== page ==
Christopher C. Mundt
Department of Botany & Plant Pathology, 2082 Cordley Hall, Oregon State University, Corvallis, OR 97331-2902.
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Accepted for publication 8 June 2009.
Autoinfection (infection resulting from inoculum produced on the same host unit) can result in strongly clustered disease at the local scale. In contrast, much epidemiological theory incorporates the simplification of spatially random or uniform infection. Earlier studies suggested only low to moderate levels of autoinfection, especially when the host unit is small. However, several studies published within the last 5 years suggest that autoinfection rates may be substantially higher than previously indicated. I discuss the potential importance of accounting for high autoinfection rates in example epidemiological processes that occur at different spatial scales: microbial interactions on the phylloplane, temporal disease progression in plant populations, and spatiotemporal disease spread at the landscape scale. Accounting for high autoinfection rates can have important qualitative and quantitative consequences for epidemiological processes, and further studies of autoinfection will contribute significantly to our understanding of epidemics.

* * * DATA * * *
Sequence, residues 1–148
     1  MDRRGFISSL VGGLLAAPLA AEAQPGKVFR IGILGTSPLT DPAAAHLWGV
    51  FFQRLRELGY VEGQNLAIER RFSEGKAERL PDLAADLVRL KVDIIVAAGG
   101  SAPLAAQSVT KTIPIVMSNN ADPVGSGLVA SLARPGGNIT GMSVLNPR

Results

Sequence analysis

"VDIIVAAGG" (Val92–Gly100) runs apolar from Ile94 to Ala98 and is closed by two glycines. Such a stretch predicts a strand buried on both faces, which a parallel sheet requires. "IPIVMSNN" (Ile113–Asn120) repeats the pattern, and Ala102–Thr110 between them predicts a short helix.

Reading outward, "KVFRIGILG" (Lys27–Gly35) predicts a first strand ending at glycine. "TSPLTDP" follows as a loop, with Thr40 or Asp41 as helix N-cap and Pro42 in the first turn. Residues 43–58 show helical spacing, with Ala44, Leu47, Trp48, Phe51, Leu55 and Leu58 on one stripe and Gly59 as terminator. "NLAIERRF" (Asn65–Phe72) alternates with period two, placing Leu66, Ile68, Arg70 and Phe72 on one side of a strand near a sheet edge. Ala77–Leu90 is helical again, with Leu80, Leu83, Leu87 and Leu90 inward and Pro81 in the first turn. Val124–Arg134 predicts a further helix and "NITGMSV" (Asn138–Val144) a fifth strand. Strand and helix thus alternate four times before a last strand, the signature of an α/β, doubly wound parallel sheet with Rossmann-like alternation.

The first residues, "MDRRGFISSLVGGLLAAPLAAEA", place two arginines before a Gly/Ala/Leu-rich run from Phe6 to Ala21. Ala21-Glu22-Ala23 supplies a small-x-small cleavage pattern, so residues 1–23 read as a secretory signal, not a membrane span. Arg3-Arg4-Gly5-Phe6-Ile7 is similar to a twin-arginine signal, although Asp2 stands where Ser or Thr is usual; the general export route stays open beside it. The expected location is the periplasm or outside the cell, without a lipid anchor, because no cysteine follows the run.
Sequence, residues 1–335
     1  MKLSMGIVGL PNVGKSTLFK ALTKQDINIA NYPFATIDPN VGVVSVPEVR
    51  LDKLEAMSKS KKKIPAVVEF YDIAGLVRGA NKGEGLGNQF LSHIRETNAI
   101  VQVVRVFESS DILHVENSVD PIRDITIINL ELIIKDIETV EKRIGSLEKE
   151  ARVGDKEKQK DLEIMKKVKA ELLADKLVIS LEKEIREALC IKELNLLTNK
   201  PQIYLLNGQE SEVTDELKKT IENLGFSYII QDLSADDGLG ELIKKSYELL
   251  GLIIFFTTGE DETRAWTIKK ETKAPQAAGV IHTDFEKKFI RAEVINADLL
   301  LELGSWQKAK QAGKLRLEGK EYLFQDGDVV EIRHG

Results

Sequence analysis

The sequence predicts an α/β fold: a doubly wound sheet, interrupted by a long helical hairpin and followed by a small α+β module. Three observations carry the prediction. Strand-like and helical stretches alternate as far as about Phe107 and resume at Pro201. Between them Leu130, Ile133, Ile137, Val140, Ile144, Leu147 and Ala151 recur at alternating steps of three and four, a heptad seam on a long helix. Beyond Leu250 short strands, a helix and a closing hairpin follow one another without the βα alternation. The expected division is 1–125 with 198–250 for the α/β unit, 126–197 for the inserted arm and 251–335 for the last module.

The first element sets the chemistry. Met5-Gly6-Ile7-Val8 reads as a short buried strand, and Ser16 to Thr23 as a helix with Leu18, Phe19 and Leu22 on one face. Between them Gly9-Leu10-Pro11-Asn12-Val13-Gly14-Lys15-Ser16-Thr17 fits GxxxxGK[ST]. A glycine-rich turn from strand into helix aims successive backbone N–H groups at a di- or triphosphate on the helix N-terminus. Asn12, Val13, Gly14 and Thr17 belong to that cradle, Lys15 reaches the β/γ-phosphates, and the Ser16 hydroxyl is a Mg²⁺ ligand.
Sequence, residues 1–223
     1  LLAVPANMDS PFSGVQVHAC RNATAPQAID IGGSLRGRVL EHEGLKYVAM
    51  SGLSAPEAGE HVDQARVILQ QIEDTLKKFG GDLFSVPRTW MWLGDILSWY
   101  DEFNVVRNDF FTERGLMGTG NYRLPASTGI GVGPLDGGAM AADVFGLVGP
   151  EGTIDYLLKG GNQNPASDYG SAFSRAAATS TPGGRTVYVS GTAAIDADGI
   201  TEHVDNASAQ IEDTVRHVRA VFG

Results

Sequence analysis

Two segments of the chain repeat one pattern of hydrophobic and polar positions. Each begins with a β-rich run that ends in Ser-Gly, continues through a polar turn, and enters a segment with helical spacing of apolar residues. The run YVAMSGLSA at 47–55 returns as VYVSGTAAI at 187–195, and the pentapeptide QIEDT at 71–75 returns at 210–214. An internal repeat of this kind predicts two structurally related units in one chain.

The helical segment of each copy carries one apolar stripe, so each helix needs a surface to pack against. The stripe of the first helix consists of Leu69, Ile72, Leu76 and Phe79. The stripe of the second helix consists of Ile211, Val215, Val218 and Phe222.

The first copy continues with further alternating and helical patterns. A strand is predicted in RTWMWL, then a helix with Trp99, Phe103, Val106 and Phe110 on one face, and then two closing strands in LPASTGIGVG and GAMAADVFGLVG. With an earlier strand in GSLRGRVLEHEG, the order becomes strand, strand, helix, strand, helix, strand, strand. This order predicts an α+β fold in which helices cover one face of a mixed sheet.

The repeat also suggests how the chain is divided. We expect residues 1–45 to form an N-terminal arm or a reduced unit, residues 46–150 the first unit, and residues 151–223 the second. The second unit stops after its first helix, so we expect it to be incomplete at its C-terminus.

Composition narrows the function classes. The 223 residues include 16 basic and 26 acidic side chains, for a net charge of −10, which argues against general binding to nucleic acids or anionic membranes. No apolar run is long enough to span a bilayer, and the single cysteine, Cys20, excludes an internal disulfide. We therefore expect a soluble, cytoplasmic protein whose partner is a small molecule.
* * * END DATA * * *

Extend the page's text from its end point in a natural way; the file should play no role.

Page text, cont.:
Additional keywords:dispersal, growth models, spatiotemporal spread.
© 2009 The American Phytopathological Society